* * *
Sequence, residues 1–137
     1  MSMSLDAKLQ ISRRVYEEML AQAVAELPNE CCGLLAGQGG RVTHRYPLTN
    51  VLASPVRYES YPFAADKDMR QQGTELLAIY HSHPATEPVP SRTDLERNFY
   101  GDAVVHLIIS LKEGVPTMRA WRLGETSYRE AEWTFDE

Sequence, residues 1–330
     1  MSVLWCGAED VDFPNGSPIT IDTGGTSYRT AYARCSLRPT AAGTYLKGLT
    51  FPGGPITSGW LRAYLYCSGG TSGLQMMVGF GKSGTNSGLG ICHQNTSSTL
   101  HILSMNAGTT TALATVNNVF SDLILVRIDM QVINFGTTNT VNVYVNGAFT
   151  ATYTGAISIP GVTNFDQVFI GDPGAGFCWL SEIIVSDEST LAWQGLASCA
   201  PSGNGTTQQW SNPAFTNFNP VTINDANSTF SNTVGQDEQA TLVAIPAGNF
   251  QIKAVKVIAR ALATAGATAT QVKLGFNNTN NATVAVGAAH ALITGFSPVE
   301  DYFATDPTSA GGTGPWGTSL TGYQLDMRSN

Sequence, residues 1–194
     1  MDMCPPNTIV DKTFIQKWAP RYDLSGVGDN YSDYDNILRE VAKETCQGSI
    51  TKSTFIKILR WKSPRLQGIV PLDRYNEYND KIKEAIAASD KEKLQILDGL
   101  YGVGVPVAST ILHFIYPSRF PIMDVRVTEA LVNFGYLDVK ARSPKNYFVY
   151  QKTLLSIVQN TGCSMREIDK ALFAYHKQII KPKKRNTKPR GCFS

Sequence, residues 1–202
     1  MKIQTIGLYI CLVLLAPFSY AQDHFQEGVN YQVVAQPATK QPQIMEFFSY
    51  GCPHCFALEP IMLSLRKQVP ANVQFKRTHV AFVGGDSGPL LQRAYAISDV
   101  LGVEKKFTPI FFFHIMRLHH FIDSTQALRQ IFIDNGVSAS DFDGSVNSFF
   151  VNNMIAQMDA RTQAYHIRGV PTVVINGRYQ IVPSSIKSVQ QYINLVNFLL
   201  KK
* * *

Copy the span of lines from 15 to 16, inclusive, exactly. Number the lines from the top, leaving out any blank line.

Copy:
    51  TKSTFIKILR WKSPRLQGIV PLDRYNEYND KIKEAIAASD KEKLQILDGL
   101  YGVGVPVAST ILHFIYPSRF PIMDVRVTEA LVNFGYLDVK ARSPKNYFVY